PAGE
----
That caused a hearty chuckle and I nodded in agreement, although in truth Epstein’s vitriol is a fairly broad generalization. He writes convincingly about growing up in the Midwest with parents who weren’t openly affectionate—a man didn’t kiss or hug his children much back then, he contends—but nonetheless were steadfast in an obviously successful attempt to steer their two boys in the right direction. Epstein’s parents didn’t care much where he went to college, didn’t spend money on SAT preparation—if it even existed then—and placed responsibility and a work ethic over status.
Epstein says this was the norm for middle class families, at least those he was acquainted with, but I think he overstates the case. For example, although my own parents conformed to the postwar ethos of suburban life, they were relentless in drumming into the heads of my four brothers and me the absolute necessity of not only earning straight A’s but also racking up extracurricular activities that would impress college admissions officials. The lack of a stellar record, my Dad would say, meant no scholarship to a top school. I didn’t think it was at all strange when my mother had me post on a bulletin board various achievements in school—even though I was only in fourth grade. This was, in part, a function of being the youngest in the family and following the pattern of “the big boys,” but it did exacerbate my instinctive competitive streak and so when I spoke at the dinner table at the age of 11 about wanting to attend Yale (no dice, as it turned out) it was a perfectly normal conversation.
One of Epstein’s bugaboos is the completely foreign notion—to him—of fathers getting more involved in childrearing, a post-1960s phenomenon, he claims, that leads to parents excessively, and sometimes harmfully, dote on their children as “dauphins” and “dauphines.” He writes: “[Husbands] went to Lamaze classes with their wives; there they were, not infrequently videocam in hand, in the delivery room cheerleading and rehearsing breathing exercises with their laboring wives.” I suppose that’s partially true, and it’s been satirized on television shows, but at least in my own case not really accurate.
In 1992, my wife and I did join a Lamaze class on the Upper East Side in Manhattan and frankly it was a wonderful experience. Once a week for two months, I’d leave work a bit early and meet her uptown, where we’d gather with seven other couples from disparate backgrounds and go over the various drills. I tended to nod off at the repetition, but it was fun to meet people from outside our insular circle, and after the 90 minutes were up, we’d go to a different restaurant. When the big moment arrived, we took a cab to the hospital—sans videocam—and all the Lamaze training went out the window. My wife was unstinting in her call for epidurals, and neither of us remembered the breathing pointers.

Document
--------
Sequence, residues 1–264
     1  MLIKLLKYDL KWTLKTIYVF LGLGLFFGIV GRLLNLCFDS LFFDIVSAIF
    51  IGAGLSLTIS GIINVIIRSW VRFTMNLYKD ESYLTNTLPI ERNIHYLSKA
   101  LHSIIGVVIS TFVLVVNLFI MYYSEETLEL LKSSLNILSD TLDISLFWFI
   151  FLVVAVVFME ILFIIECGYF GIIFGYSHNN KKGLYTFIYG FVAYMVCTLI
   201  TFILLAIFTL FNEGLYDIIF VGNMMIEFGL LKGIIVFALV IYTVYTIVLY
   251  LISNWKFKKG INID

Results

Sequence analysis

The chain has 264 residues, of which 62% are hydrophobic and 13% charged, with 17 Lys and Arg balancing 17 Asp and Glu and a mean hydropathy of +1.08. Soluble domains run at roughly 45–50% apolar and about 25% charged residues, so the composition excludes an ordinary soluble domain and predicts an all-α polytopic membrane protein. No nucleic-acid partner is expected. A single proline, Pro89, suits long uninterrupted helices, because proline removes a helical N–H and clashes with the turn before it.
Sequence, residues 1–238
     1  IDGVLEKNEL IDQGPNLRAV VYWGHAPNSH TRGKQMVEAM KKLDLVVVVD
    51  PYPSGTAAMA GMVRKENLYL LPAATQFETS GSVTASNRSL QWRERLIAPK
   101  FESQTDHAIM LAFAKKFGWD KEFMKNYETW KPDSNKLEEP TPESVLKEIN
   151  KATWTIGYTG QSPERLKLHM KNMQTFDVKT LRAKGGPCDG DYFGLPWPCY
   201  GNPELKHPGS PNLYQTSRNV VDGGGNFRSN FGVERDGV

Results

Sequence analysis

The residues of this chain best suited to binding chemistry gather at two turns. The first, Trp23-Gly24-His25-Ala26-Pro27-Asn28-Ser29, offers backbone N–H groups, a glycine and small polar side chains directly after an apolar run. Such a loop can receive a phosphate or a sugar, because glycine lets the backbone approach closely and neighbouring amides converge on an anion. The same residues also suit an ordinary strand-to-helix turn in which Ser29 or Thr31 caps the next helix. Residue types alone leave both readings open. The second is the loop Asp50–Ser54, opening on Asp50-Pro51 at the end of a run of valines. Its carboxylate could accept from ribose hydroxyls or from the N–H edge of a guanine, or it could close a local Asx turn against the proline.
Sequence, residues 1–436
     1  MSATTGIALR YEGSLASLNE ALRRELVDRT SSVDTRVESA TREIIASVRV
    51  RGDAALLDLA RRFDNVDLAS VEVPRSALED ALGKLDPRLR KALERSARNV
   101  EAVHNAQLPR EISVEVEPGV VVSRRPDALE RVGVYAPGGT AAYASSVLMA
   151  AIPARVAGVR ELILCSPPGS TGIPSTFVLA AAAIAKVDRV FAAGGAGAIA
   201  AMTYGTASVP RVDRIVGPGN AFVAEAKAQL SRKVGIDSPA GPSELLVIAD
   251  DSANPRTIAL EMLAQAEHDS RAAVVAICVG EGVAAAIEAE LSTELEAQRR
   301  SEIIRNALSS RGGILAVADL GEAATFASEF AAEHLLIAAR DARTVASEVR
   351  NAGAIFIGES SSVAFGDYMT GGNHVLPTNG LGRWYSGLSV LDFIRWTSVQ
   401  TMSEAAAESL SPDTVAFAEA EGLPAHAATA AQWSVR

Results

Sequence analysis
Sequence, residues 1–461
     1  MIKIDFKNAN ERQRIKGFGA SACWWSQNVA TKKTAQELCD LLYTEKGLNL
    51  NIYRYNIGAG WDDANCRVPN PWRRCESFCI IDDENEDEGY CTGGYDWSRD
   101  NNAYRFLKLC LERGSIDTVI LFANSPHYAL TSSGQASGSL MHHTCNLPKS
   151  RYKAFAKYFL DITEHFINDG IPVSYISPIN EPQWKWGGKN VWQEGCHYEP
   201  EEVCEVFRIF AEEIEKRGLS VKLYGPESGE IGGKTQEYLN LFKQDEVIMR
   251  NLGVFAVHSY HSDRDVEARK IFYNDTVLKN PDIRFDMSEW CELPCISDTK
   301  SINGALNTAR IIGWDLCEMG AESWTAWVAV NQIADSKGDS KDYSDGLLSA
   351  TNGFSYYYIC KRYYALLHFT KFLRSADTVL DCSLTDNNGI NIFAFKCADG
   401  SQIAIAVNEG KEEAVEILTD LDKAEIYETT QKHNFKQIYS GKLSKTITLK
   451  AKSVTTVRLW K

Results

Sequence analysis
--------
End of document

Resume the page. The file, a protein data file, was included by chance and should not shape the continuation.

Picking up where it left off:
In fact, it was a very long process and not at all comfortable for the mom-to-be—the only real world distraction was watching President Bush scuttling his dimming chances for reelection in a final debate with Bill Clinton—especially since the doctors complained that she wasn’t “trying hard enough” to deliver the baby. Almost a day later, our son was born via c-section and the obstetrician, after a half hour of re-hashing with colleagues a recent episode of ER, said, “Well, no wonder it took so long, this kid is over 10 pounds!” We skipped Lamaze for our second son, but it was just as thrilling when he was handed to me upon birth while my wife was zoned out after another c-section.
Epstein’s “The Kindergarchy” is by no means a cheap shot at modern parenting—as any objective people of my age and younger in major metro areas will attest to—but it is somewhat of a caricature. I no longer use a typewriter and don’t miss it; and ATM’s and DVDs and cell phones are all swell. The world has changed since Epstein’s youth and middle age and while he’s not outwardly bitter about that, this splendid writer is simply aghast at today’s culture and not really sure what to make of it. As outlined above, neither am I in many instances, but Epstein might be less vexed if he heeded the dictum of “Don’t Look Back.”